Focus on Photographing a Different Color Each Day to Practice the Art of Seeing

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Color is all around us. As beautiful as black and white can be, color gives us variety and sometimes, unpredictability. But funnily enough, it’s also easy to take it for granted.

Over time, I’ve come up with a few exercises to keep color at the forefront of my mind. One of these exercises is to focus on photographing a different color each day. It’s great for keeping your photography fresh and training your eyes to look out for new photographic opportunities.

Getting started

Color may make up the majority of our world, but photographing it might not be as easy as you think. Sometimes the abundance of color can be overwhelming, and sometimes it’s hard to find the color you’re looking for at all! Before taking up the challenge, grab a pen and paper. Write down a heading for each color and list as many different things you can think of under each. Sometimes it’s even worth Googling specific color schemes, just to give you some ideas of what to look for.

Next, designate a day for each color you would like to photograph. And it doesn’t have to be the generic gamut of colors either. Why not try looking out for a more pastel pallet? Soft pinks, greys, and blues make wonderful, atmospheric photographs. More earthy colors like oranges, browns and dark greens are great colors to keep a look out for in Autumn.

Look for bold colors…

Humans have evolved to seek out bold coloration. Deep, saturated colors catch the eye and pull the viewer in for a closer look. A bold color scheme emphasizes texture and shape, especially within a limited color pallete.

Focus on Photographing a Different Color Each Day to Practice the Art of Seeing

Deep, saturated colors catch the eye and pull the viewer in for a closer look.

And a softer color pallete…

Color photography doesn’t always have to be about a bold color scheme. Subtle or almost monochrome color schemes emphasize detail and lend a softer atmosphere to a photograph.

Pastel photographs are best taken during cloudy or low-light days to minimize shadows for a more even-toned image.

Focus on Photographing a Different Color Each Day to Practice the Art of Seeing

Softer pastels like pink and purple can add color without overpowering the image.

Why not both?

Focus on Photographing a Different Color Each Day to Practice the Art of Seeing

The foreground of this image is made up of bold, contrasting colors while the background is predominantly made up of a soft pink pallet. The bold and soft colors emphasize each other and create a more dynamic image. The negative space around the top half of the image is important too, it maintains balance, making sure the full extent of the color palette isn’t too overwhelming.

The opportunity to combine both soft and bold colors doesn’t happen frequently, but you’ll know when it does. Combining the two color schemes creates a dynamic image where bolder and softer colors reinforce each other and bring the image together.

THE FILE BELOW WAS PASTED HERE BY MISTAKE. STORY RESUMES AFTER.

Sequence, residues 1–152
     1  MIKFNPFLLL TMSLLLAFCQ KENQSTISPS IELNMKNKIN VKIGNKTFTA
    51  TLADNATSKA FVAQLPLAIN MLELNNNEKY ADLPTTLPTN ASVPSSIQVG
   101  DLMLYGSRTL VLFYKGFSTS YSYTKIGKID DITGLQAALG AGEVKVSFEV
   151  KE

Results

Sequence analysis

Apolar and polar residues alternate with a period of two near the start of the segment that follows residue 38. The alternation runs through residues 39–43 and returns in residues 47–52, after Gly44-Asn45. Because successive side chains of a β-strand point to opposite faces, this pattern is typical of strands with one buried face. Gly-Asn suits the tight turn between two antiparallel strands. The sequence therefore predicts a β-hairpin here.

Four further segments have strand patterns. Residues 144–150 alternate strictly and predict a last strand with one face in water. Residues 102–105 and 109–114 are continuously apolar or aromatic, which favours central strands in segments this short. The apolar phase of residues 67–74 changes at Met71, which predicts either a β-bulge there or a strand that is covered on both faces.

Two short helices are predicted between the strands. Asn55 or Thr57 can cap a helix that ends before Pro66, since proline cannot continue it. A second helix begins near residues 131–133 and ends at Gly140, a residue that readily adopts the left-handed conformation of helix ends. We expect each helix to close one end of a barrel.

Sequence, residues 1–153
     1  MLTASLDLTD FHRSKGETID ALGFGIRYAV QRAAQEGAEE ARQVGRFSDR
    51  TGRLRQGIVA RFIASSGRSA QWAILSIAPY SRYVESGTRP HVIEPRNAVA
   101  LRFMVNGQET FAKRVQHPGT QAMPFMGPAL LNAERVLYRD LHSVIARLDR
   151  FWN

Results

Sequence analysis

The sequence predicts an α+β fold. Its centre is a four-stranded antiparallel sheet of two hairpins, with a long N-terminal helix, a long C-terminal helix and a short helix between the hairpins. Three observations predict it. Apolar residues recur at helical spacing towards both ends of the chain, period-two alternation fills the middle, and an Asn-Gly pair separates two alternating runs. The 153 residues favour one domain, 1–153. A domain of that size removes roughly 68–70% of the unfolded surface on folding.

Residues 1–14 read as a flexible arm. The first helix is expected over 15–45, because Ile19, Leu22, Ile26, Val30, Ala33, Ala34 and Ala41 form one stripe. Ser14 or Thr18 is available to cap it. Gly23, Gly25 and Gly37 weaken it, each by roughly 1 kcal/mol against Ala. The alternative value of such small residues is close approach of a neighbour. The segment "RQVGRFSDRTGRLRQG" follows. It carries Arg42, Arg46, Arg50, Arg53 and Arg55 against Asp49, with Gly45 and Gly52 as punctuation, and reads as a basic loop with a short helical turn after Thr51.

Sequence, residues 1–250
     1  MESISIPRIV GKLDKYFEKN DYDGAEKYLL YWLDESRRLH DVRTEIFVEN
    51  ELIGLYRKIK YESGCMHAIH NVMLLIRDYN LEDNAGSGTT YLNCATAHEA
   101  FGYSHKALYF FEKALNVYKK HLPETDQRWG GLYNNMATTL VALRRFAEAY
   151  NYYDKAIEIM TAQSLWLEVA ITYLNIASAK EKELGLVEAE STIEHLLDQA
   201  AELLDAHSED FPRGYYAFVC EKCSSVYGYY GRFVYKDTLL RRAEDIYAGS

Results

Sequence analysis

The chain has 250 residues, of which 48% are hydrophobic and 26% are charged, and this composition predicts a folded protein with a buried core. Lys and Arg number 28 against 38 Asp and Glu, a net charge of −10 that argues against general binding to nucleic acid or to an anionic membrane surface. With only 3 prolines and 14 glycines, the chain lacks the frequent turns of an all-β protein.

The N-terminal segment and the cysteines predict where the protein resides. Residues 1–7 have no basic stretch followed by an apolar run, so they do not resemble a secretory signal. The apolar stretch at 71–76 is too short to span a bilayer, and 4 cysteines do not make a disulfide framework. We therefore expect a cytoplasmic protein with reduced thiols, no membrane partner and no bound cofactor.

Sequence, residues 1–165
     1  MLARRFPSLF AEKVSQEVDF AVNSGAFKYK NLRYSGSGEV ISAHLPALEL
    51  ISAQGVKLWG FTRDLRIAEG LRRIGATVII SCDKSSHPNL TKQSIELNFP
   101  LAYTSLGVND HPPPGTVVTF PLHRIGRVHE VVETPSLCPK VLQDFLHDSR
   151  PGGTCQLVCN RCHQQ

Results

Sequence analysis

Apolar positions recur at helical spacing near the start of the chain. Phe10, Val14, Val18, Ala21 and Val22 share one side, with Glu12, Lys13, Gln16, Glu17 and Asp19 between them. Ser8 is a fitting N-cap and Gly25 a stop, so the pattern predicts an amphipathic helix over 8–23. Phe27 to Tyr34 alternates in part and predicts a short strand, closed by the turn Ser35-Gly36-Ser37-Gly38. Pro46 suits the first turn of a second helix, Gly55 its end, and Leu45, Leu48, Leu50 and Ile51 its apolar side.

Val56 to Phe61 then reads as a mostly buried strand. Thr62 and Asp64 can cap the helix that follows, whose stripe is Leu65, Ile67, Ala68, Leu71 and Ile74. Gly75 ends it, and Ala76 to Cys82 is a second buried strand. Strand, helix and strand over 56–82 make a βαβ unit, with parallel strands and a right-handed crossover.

Using movement

Color can accentuate camera movement, and movement can accentuate color. It’s a well-loved dichotomy that is great for abstracted imagery.

Try taking photographs out a moving car window or bus. A slow shutter speed in the late afternoon will allow enough light to create a softness of color.

This image was taken with a slow shutter speed while traveling through the outback. The afternoon light mingles with the light of traveling cars to make a soft, atmospheric abstracted photograph.

Detail

Colour has the power to illuminate detail, adding to the depth of a photograph overall. In a good image, color is the cherry on top – the final pop of color to resolve your photograph.

Focus on Photographing a Different Color Each Day to Practice the Art of Seeing

The subtle yellow road sign and red symbols add detail to an image and invite the viewer in for a closer look.

Look for color in unusual spots

Like I mentioned before, finding your selected color of the day may prove surprisingly tricky. Focusing on red one day will take you on a completely different journey than if you were looking for blue subjects.

Try looking in less frequented locations for unusual colors and patterns. Or take a drive and explore a new location altogether. Changing your perspective or focusing on compositional techniques like leading lines and texture can help get those creative juices flowing.

Focus on Photographing a Different Color Each Day to Practice the Art of Seeing

A red pallete for Monday. Trying to look for unusual perspectives often yields unexpected results, revealing your color of the day in new and interesting ways.

Focus on Photographing a Different Color Each Day to Practice the Art of Seeing

Wednesday’s color pallete, green and blue tiles adorn an urban walkway.

Conclusion

While color is all around us, it’s easy to take for granted. Simple exercises like focusing on photographing a particular color each day help keep your practice fresh and unique.

Keep your eyes peeled and don’t be afraid to explore, color often reveals itself in unexpected and fascinating ways!

Read more from our Tips & Tutorials category

Megan Kennedy is a photographer and writer based in Canberra, Australia. A lifelong fascination with flight has inspired her photographic practice in documenting the intricate form of aircraft. Megan is also interested in travel photography and documenting human interaction with the modern landscape, through both intentional and incidental intervention. She is well versed in both digital and film practice. Both her writing and photography has been featured in numerous publications.

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